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Edward III Scenes

Scene 3

Picardy. The fields near Cressy.

(King Edward; Earl of Derby; Soldiers; Gobin de Grey; Artois; Prince Edward; Lord Audley; King John; Charles of Normandy; Duke of Lorraine; King of Bohemia; Philip; First Herald; Second Herald; Third Herald; Fourth Herald)

King Edward rewards a French prisoner who led his army across the river Somme. Prince Edward arrives with his army, reporting his great successes in campaigning but also that the French, in general, would not submit. The Prince also tells his father that King John and his army are nearby. This is confirmed when John himself arrives to challenge Edward. The two kings exchanges insults, John refusing to give up his crown and Edward refusing to give up his claim. It becomes clear that battle is the only solution, and both kings rally their troops. John and his men leave to prepare for the fight. Edward knights his son. The English then prepare for battle. (228 lines)

Enter King Edward, and the Earl of Derby, with Soldiers, and Gobin de Grey.


Where’s the Frenchman by whose cunning guide

We found the shallow of this river Somme,

And had directions how to pass the sea?


Here, my good lord.


How art thou called? Tell me thy name.


Gobin de Grey, if please your excellence.


Then, Gobin, for the service thou hast done,

We here enlarge and give thee liberty;

And, for recompense beside this good,

Thou shalt receive five hundred marks in gold.—

I know not how, we should have met our son,

Whom now in heart I wish I might behold.

Enter Artois.


Good news, my lord; the prince is hard at hand,

And with him comes Lord Audley and the rest,

Whom since our landing we could never meet.

Drums sound. Enter Prince Edward, Lord Audley, and Soldiers.


Welcome, fair prince! How hast thou sped, my son,

Since thy arrival on the coast of France?


Successfully, I thank the gracious heavens:

Some of their strongest cities we have won,

As Harfleur, Lo, Crotay, and Carentigne,

And others wasted, leaving at our heels

A wide apparent field and beaten path

For solitariness to progress in:

Yet those that would submit we kindly pardoned,

But who in scorn refused our proffered peace,

Endured the penalty of sharp revenge.


Ah, France, why shouldest thou be thus obstinate

Against the kind embracement of thy friends?

How gently had we thought to touch thy breast

And set our foot upon thy tender mould,

But that, in froward and disdainful pride,

Thou, like a skittish and untamed colt,

Dost start aside and strike us with thy heels!

But tell me, Ned, in all thy warlike course,

Hast thou not seen the usurping King of France?


Yes, my good lord, and not two hours ago,

With full a hundred thousand fighting men—

Upon the one side of the river’s bank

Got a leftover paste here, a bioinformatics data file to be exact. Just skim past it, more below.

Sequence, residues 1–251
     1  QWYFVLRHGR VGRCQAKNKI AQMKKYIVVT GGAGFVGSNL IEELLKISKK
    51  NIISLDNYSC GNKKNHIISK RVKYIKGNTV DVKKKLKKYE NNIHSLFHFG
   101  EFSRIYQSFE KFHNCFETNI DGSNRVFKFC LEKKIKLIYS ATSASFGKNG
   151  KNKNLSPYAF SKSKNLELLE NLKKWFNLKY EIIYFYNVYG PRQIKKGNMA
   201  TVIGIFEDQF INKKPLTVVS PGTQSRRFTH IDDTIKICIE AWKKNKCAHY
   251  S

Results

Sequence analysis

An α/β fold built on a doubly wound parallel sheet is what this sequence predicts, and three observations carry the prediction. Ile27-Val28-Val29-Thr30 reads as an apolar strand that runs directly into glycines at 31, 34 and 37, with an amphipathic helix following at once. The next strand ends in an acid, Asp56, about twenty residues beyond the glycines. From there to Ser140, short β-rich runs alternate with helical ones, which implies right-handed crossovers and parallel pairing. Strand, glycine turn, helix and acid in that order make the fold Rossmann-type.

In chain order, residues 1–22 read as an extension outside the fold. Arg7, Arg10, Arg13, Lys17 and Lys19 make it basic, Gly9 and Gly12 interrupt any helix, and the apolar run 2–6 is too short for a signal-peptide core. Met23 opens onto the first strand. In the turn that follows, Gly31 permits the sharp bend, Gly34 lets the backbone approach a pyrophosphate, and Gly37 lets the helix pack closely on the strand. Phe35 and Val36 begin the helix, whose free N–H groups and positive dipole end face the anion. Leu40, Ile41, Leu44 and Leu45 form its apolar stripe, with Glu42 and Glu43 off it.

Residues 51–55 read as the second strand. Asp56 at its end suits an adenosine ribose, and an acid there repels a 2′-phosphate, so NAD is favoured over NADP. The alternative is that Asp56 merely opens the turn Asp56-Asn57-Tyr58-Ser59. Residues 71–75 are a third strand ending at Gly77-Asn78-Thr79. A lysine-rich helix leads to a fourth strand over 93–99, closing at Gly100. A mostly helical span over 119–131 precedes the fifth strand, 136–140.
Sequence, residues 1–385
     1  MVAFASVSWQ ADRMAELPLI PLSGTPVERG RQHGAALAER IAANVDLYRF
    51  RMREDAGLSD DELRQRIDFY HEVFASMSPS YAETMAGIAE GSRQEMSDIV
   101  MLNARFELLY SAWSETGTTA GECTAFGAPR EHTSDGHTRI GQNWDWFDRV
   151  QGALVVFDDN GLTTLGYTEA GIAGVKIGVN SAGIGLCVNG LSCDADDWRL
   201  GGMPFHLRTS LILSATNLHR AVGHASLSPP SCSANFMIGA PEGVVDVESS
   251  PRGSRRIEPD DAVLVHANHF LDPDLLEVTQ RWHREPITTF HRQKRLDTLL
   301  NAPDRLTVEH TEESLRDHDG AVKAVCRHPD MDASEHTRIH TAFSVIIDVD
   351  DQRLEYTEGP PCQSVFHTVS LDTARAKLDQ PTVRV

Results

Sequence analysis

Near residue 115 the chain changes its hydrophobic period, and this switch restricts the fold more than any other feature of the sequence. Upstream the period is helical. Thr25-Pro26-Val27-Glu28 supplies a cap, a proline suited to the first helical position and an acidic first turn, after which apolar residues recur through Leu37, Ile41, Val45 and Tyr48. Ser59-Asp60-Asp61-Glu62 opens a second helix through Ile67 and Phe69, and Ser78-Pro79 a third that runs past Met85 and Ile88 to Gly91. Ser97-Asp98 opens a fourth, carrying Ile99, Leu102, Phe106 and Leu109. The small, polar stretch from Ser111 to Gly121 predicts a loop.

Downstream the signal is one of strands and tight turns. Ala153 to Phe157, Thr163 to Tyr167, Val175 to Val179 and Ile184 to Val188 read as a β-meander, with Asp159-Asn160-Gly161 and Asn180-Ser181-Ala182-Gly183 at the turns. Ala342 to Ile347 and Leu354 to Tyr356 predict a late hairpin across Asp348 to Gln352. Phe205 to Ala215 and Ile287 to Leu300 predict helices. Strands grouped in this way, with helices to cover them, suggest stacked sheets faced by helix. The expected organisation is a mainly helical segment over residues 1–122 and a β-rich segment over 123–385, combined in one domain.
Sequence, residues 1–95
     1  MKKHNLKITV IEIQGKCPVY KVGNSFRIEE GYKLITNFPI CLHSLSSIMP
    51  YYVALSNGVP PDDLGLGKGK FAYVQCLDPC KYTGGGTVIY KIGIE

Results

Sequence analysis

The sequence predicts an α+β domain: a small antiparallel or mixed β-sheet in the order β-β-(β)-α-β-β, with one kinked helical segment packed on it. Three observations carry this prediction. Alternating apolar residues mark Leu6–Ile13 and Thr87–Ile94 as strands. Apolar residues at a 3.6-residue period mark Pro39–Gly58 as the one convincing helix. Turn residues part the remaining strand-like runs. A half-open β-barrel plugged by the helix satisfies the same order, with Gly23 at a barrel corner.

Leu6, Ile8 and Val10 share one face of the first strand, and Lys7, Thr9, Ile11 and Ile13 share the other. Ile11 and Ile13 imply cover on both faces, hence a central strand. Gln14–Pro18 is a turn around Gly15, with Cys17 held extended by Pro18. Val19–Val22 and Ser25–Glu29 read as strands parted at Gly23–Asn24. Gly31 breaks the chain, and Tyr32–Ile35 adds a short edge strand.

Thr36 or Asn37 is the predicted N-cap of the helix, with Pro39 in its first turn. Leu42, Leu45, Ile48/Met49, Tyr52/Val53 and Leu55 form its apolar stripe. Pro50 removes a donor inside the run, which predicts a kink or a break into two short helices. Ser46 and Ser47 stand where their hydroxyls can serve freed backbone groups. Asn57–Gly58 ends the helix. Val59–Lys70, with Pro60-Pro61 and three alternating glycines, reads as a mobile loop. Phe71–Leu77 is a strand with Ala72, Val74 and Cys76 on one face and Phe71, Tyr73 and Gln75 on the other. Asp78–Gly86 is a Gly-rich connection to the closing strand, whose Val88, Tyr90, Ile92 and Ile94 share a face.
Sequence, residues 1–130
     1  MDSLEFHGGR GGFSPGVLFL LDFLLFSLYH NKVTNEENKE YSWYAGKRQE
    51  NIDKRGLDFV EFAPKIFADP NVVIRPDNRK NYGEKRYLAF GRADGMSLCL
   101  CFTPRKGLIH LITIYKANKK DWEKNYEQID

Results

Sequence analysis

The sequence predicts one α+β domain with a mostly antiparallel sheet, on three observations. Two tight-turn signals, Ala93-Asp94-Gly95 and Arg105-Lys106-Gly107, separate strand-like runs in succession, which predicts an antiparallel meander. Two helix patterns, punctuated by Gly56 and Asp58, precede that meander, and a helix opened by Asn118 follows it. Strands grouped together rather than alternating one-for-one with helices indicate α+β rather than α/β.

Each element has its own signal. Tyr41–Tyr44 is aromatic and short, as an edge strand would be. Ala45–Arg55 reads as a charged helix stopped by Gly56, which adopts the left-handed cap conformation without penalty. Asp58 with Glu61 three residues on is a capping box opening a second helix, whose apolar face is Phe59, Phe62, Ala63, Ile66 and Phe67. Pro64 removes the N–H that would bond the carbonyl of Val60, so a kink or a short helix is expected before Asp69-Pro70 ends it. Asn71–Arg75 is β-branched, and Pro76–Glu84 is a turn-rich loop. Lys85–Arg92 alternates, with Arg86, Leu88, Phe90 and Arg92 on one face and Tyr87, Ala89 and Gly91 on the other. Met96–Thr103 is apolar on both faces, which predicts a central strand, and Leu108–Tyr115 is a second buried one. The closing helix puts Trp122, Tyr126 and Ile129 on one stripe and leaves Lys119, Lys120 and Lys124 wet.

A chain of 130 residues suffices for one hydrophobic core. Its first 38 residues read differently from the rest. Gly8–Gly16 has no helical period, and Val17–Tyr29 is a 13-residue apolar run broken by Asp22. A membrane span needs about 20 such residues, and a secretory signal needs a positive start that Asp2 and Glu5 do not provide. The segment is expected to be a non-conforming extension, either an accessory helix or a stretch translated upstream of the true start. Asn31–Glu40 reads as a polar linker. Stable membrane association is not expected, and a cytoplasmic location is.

And on the other both, his multitudes.

I feared he would have cropped our smaller power:

But happily, perceiving your approach,

He hath with drawn himself to Cressy plains;

Where, as it seemeth by his good array,

He means to bid us battle presently.


He shall be welcome; that’s the thing we crave.

Drums. Enter King John, the Dukes of Normandy and Lorraine, King of Bohemia, young Prince Philip, and Soldiers.


Edward, know that John, the true king of France,

Musing thou shouldst encroach upon his land,

And in thy tyrannous proceeding slay

His faithful subjects and subvert his towns,

Spits in thy face; and in this manner following

Obraids thee with thine arrogant intrusion:

First, I condemn thee for a fugitive,

A thievish pirate, and a needy mate,

One that hath either no abiding place,

Or else, inhabiting some barren soil,

Where neither herb or fruitful grain is had,

Doest altogether live by pilfering:

Next, insomuch thou hast infringed thy faith,

Broke league and solemn covenant made with me,

I hold thee for a false pernicious wretch:

And, last of all, although I scorn to cope

With one so much inferior to myself,

Yet, in respect thy thirst is all for gold,

Thy labour rather to be feared than loved,

To satisfy thy lust in either part,

Here am I come, and with me have I brought

Exceeding store of treasure, pearl, and coin.

Leave, therefore, now to persecute the weak,

And armed entering conflict with the armed,

Let it be seen, ’mongst other petty thefts,

How thou canst win this pillage manfully.


If gall or wormwood have a pleasant taste,

Then is thy salutation honey sweet;

But as the one hath no such property,

So is the other most satirical.

Yet wot how I regard thy worthless taunts:

If thou have uttered them to foil my fame

Or dim the reputation of my birth,

Know that thy wolvish barking cannot hurt;

If slyly to insinuate with the world,

And with a strumpet’s artificial line

To paint thy vicious and deformed cause,

Be well assured, the counterfeit will fade,

And in the end thy foul defects be seen;

But if thou didst it to provoke me on,

As who should say I were but timorous.

Or, coldly negligent, did need a spur,

Bethink thyself how slack I was at sea,

How since my landing I have won no towns,

Entered no further but upon the coast,

And there have ever since securely slept.

But if I have been other wise employed,

Imagine, Valois, whether I intend

To skirmish, not for pillage, but for the crown

Which thou dost wear; and that I vow to have,

Or one of us shall fall into his grave.


Look not for cross invectives at our hands,

Or railing execrations of despite:

Let creeping serpents, hid in hollow banks,

Sting with their tongues; we have remorseless swords,

And they shall plead for us and our affairs.

Yet thus much, briefly, by my father’s leave:

As all the immodest poison of thy throat